“My senior year, working with the women’s basketball team and we’d just gotten done playing North Dakota State and the coach said, ‘You know they’re going to be looking for a sports information person next year,’ so that began the process.”
After receiving the tip, Abicht applied for the job as a senior at UMD, where she followed up with interviews throughout the summer and found herself in the NDSU media relations office in August.
Abicht joined the SCSU staff in the middle of the 1985 school year, after receiving a call from her friend and work acquaintance at SCSU, who took an opportunity with USA hockey. Abicht took over the position, building her staff from just herself, to what now includes an assistant, graduate assistants and some volunteers to help with website and social media promotions.
A Burnsville, Minn. native, Abicht liked the fact that it was closer to home, as well as an opportunity to develop the position and profession.
Among the hustle and bustle of sports, Abicht stresses the importance of finding a good work-life balance, which is harder than most individuals think according to Weems, considering it is rarely a 9-to-5 job. While Abicht might not miss all the late nights and early mornings that go into making things runs smooth, the people she’s grown close to in the office will be missed.
“I read somewhere a long time ago, that you spend more time with your work family than you do with your real family and I think that’s really true, especially in athletics,” Abicht said. “There are a lot of very special people in this office and that I work with, some that are very important to me such as Tom Nelson and Terry Tschida, who have been long time assistants.”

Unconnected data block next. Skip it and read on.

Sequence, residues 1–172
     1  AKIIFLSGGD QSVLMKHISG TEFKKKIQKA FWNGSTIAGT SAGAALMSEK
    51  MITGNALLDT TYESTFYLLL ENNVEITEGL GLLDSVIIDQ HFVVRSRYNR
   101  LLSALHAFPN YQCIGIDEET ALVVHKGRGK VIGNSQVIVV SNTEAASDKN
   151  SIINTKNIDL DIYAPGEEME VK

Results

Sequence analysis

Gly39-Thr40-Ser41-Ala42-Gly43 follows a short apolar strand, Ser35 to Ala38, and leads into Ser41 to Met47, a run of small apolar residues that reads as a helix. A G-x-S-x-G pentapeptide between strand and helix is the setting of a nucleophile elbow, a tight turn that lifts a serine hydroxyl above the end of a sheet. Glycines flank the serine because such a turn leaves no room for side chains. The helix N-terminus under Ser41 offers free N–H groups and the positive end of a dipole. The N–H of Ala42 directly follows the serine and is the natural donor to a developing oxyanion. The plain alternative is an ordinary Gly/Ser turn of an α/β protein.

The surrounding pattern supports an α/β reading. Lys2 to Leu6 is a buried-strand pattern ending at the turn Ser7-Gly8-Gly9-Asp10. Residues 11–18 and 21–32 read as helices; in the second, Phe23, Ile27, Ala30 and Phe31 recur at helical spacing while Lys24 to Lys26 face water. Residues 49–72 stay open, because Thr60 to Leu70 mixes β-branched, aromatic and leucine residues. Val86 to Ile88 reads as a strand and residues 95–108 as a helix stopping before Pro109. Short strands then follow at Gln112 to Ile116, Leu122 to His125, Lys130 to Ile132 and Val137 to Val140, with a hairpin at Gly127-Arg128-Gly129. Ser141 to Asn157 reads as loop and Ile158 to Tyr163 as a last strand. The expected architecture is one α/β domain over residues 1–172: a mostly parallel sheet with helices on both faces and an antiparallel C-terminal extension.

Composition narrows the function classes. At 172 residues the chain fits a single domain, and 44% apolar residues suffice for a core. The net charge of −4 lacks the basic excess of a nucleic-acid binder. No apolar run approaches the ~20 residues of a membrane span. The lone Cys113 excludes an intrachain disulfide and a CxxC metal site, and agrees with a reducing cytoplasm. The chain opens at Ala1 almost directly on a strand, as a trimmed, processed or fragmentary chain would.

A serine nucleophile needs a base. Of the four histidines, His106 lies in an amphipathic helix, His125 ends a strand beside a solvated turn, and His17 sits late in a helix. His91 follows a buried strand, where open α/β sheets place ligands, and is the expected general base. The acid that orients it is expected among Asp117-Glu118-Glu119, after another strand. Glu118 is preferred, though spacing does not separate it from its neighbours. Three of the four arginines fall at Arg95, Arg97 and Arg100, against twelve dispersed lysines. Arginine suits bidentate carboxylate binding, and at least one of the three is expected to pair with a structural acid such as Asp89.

Along with sharing time with her work family and real family, Abicht does what she can to feature all of Husky sports and not get caught up in only representing the “big ticket” athletics.
“When you’re around the sports as much as we are, you see the amount of pride and energy that goes into every team,” Abicht said. “It doesn’t matter if it’s cross country or men’s hockey, they still go out and practice everyday and compete on the weekends, they go to class and some even go to work.
“They deserve it, they’re working just as hard as the Duke men’s basketball team or the Connecticut women’s basketball team.”
The hard work on by athletes is something fans can see, but Nelson describes Abicht as the epitome of the profession, doing the behind the scenes work that only those working along side of her get to witness.
“She’s [Abicht] very humble… likes to put the spotlight on other people and that’s just her personality,” Nelson said. “Her humbleness, ability to get the job done, hard work and dedication have allowed her to get the recognition that she deserves.
“Our office markets the athletes and the athletic programs, and all those ticket sales and views come back to our office, and Anne [Abicht] has been a key player in that progression.”
While there will be a hole left in the athletic media relations office, Abicht plans to live the “Minnesota” life at her lake home in Alexandria, Minn. noting that the biggest change will be being away from the day-to-day life she’s been accustomed to since 1985.
“She’s put her mark on the program at St. Cloud State,” Nelson said. “She’s really helped establish the athletic program.
“It’s been really nice being able to work with someone as an employee who you respect, but also consider one of your friends… it’s one of the reasons that I’ve stayed here so long.”